c.prec = 2
    print('Local precision:', c.prec)
    print('3.14 / 3 =', (decimal.Decimal('3.14') / 3))

print('Default precision:', decimal.getcontext().prec)
print('3.14 / 3 =', (decimal.Decimal('3.14') / 3))

Context supports the context manager API used by with, so this setting is only applied within a block.

1.5.5 Context for each instance

You can also construct a Decimal instance with a context from which precision and rounding parameters of the transformation can be inherited.

import decimal

# Set up a context with limited precision
c = decimal.getcontext().copy()
c.prec = 3

# Create our constant
pi = c.create_decimal('3.1415')

# The constant value is rounded off
print('PI    :', pi)

# The result of using the constant uses the global context
print('RESULT:', decimal.Decimal('2.01') * pi)

For example, this allows applications to select common value accuracy that differs from user data accuracy.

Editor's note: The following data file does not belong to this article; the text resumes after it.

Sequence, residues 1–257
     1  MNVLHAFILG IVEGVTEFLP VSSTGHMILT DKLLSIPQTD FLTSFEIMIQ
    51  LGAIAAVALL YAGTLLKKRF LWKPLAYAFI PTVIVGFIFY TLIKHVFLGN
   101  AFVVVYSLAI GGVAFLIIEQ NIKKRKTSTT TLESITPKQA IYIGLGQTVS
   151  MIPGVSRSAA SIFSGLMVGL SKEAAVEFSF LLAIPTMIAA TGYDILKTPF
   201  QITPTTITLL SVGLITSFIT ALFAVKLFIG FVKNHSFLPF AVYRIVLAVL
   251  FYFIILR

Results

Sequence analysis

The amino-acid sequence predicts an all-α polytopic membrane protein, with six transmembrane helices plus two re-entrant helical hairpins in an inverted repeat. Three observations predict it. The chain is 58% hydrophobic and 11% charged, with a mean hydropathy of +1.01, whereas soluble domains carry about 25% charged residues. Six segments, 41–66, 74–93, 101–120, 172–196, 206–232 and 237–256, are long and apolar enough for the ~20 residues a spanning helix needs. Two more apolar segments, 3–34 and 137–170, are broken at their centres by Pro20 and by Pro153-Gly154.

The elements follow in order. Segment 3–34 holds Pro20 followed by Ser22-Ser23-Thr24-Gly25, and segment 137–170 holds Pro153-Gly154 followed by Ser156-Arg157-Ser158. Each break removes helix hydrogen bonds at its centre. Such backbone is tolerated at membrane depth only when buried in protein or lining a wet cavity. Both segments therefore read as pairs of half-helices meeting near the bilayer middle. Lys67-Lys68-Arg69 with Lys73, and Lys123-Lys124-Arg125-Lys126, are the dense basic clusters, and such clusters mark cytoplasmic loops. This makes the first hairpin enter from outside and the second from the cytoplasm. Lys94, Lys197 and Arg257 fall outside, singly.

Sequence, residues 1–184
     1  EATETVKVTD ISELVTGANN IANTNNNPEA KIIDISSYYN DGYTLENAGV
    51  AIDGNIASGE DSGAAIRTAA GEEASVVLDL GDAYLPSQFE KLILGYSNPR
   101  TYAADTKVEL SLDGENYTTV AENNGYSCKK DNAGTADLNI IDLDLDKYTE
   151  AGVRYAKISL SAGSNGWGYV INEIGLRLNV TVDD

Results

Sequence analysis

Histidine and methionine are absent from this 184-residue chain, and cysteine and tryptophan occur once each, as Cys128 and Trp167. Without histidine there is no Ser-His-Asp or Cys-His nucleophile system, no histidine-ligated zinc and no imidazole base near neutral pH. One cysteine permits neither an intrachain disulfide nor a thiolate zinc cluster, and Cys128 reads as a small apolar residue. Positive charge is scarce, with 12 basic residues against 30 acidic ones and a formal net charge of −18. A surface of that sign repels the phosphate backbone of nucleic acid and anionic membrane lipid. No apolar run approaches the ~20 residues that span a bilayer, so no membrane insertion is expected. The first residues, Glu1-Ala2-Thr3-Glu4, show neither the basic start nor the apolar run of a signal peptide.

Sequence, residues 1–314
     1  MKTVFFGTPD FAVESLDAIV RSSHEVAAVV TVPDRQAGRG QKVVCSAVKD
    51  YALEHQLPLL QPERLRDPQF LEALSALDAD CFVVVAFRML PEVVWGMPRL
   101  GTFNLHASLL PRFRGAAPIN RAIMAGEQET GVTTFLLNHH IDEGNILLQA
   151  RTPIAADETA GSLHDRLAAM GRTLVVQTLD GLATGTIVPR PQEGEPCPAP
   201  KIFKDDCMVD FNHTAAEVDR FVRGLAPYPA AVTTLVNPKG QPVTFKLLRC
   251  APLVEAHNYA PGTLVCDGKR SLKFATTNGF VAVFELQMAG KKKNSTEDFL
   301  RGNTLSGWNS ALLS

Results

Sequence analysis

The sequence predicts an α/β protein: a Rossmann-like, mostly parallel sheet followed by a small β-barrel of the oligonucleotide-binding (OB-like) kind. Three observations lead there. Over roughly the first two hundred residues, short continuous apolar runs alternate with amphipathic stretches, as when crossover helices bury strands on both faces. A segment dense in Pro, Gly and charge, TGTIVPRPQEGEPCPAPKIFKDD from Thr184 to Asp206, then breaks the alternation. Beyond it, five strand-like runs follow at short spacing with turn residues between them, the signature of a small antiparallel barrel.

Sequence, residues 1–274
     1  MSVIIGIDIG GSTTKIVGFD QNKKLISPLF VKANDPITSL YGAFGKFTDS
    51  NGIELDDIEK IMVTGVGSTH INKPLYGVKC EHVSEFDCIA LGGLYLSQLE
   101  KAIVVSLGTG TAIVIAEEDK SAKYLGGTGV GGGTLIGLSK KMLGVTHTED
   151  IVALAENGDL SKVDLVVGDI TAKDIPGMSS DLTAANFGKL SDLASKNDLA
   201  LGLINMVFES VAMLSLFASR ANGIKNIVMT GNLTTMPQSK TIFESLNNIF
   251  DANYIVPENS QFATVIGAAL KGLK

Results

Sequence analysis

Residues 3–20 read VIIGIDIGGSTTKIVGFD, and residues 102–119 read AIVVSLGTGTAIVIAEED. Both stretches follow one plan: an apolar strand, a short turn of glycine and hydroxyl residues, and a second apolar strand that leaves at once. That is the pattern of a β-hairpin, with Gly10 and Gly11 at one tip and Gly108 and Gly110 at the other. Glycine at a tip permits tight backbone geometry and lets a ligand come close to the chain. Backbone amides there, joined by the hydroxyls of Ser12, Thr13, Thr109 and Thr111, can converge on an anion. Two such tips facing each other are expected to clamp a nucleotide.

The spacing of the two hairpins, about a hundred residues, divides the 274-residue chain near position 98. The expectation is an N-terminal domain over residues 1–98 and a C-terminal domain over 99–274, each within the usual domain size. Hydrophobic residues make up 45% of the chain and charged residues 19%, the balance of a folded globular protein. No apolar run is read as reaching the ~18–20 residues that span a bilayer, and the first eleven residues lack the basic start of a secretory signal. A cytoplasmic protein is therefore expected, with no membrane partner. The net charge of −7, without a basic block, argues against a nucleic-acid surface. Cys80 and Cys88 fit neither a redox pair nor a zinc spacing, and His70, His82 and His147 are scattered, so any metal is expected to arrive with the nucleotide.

1.5.6 Threads

The Global context instance is the thread local context, so you can configure threads individually using different values.

import decimal
import threading
from queue import PriorityQueue

class Multiplier(threading.Thread):
    def __init__(self, a, b, prec, q):
        self.a = a
        self.b = b
        self.prec = prec
        self.q = q

    def run(self):
        c = decimal.getcontext().copy()
        c.prec = self.prec
        self.q.put((self.prec, a * b))

a = decimal.Decimal('3.14')
b = decimal.Decimal('1.234')
# A PriorityQueue will return values sorted by precision,
# no matter what order the threads finish.
q = PriorityQueue()
threads = [Multiplier(a, b, i, q) for i in range(1, 6)]
for t in threads:

for t in threads:

for i in range(5):
    prec, value = q.get()
    print('{}  {}'.format(prec, value))

This example uses the specified value to create a new context and install it on each thread.

Keywords: Python Attribute network

Added by quadlo on Thu, 05 Mar 2020 04:00:05 +0200